window to return
Issue 7, April
Urban regeneration and mental health
Peter Huxley and Anne Rogers
The link between social disadvantage and mental health is well established.
A number of small studies suggest that mental health problems can be reduced
by interventions targeted at those who have experienced job loss, unemployment
and teenage pregnancy in the context of poverty. There is also some indication
that the mental health of the population can be enhanced by improvements
to housing and the local area. However, there has been little systematic
research into the impact of large-scale changes in people's socio-economic
circumstances on their mental health.
Contemporary urban regeneration initiatives provide both an opportunity
and a need for such research. Our study focuses on the regeneration programme
in Wythenshawe, a disadvantaged area in Manchester, and is investigating
the impact of changes in socio-economic circumstances on mental health
by comparing the local population with a control area (also in Manchester)
where no such initiative exists.
We have conducted a baseline postal survey of 2600 people (1300 in the
index and control areas) in which we have collected information about
mental health status, quality of life, personal circumstances and consulting
behaviour. A second survey, to be conducted almost two years after the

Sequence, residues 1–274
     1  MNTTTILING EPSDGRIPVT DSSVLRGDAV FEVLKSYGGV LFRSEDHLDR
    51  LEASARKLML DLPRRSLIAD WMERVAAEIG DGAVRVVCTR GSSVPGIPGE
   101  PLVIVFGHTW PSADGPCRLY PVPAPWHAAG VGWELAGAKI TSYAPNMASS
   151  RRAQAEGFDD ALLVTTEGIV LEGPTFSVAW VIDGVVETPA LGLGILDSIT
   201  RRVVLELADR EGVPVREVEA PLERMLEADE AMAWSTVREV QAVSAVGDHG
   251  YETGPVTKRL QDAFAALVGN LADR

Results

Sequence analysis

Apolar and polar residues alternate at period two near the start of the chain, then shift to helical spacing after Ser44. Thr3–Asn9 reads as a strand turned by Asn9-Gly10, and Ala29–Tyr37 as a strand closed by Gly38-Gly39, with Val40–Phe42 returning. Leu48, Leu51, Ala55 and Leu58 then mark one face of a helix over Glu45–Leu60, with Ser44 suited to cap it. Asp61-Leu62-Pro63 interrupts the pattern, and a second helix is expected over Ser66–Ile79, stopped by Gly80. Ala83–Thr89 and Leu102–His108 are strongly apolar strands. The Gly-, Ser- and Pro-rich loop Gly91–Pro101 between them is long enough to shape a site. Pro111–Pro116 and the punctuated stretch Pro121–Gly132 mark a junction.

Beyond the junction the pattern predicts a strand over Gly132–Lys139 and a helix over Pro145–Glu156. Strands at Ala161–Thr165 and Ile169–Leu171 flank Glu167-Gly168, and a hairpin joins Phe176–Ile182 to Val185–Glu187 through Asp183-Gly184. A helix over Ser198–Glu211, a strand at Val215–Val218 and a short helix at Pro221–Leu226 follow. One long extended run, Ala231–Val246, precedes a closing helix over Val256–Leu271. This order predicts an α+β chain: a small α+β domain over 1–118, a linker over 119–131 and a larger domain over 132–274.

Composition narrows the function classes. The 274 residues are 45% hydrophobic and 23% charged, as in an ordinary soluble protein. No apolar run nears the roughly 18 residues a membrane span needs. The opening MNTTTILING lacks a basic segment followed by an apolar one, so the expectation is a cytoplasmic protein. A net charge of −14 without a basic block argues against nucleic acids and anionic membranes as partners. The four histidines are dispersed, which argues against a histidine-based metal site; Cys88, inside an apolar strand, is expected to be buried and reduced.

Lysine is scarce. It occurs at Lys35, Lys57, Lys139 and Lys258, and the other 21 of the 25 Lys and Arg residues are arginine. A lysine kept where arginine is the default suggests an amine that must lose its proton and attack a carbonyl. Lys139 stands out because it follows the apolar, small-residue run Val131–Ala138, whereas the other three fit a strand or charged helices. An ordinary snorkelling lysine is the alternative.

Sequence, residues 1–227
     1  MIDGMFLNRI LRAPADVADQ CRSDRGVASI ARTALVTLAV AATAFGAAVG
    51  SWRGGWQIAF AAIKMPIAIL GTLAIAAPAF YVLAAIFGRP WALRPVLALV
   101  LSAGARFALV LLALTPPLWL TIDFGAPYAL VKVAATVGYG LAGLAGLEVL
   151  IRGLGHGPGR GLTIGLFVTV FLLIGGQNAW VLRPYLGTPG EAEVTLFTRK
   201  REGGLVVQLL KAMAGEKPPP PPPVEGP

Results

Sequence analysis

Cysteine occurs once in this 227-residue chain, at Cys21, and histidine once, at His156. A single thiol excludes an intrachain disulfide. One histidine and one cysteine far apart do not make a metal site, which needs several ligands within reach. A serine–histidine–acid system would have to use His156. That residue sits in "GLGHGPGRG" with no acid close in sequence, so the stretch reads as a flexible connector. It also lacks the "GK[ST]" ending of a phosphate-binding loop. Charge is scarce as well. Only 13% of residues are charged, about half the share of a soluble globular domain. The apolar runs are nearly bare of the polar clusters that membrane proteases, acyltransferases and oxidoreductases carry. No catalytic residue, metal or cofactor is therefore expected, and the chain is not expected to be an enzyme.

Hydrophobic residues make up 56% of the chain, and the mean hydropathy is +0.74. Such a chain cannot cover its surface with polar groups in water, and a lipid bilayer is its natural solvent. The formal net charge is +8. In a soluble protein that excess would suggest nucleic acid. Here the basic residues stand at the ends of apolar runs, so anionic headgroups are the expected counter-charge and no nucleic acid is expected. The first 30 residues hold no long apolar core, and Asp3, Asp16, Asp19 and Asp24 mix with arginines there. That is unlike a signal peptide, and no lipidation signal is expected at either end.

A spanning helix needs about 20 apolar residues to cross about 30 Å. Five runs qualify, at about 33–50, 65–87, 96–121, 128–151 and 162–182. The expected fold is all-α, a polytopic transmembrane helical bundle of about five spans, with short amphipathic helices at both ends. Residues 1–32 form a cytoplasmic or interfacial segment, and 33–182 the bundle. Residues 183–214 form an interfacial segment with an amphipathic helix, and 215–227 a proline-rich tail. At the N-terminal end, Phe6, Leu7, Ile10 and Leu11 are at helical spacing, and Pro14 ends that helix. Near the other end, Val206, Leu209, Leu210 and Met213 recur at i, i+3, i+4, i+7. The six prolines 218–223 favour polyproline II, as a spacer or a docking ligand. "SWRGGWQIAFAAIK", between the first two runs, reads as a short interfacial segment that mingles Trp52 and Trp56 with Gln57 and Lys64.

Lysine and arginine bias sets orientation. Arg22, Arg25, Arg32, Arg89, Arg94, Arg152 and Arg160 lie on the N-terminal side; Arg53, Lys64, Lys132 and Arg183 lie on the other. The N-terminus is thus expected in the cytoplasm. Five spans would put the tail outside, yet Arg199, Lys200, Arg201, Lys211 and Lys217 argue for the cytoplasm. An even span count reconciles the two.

first, will enable us to assess the nature and extent of change in these
items. A sub-group of 200 people has been selected for interview to enable
us to explore in greater detail mental health status, quality of life,
and perceptions of the community. A second interview with this sample
will take place one year later. In addition, further data will be obtained
from 20 in-depth qualitative interviews with a sub-group of these respondents,
chosen because of their particular experiences of the Single Regeneration
Budget (SRB) changes.
Here, we report on findings from the baseline surveys. The measures of
mental health we used included the General Health Questionnaire (GHQ-12),
together with measures of vulnerability and life events, quality of life
(QoL) and community experience derived from work by Sorensen and Leighton.(1,2)
As anticipated, the index and control areas both scored highly on disadvantage,
both as measured by standard deprivation indicators and by a range of
personal factors which increase vulnerability to mental illness (like
living apart from parents before 16 and not working for two years). However,
there was a higher proportion of residents in poorer socio-economic circumstances
in the index group, with low QoL and with a longstanding illness.
Residents were asked to say how they felt about living in the area, expressed
as the strength of their desire to stay or to move away. In the interviewed
sample, the question was expressed as the degree of satisfaction with
the area and this method produced identical results. This makes it possible
to compare our results with those of national surveys where dissatisfaction
with the area is assessed.
High levels of dissatisfaction were reported in both areas. Dissatisfaction
with area was double the national average (22% compared to 11%) and was
highest in the index area (29%). (These high levels of dissatisfaction
are similar to those reported in an East London study(3)). Only a minority
of residents in the index area was happy to stay: 11% very strongly wanted
to move, and 18% preferred to move, 31% had mixed feelings about the area
and 40% were happy to stay.
Mental health, quality of life and community experiences
Higher SES was associated with better QoL and better mental health, with
higher scores reported by employer/managers and homeowners. People with